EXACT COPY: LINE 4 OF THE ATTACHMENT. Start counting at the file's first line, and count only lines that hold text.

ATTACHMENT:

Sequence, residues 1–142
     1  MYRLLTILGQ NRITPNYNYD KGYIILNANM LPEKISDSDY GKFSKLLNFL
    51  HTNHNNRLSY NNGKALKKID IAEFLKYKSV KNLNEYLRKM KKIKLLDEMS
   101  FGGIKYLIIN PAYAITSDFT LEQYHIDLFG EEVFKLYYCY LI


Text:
   101  FGGIKYLIIN PAYAITSDFT LEQYHIDLFG EEVFKLYYCY LI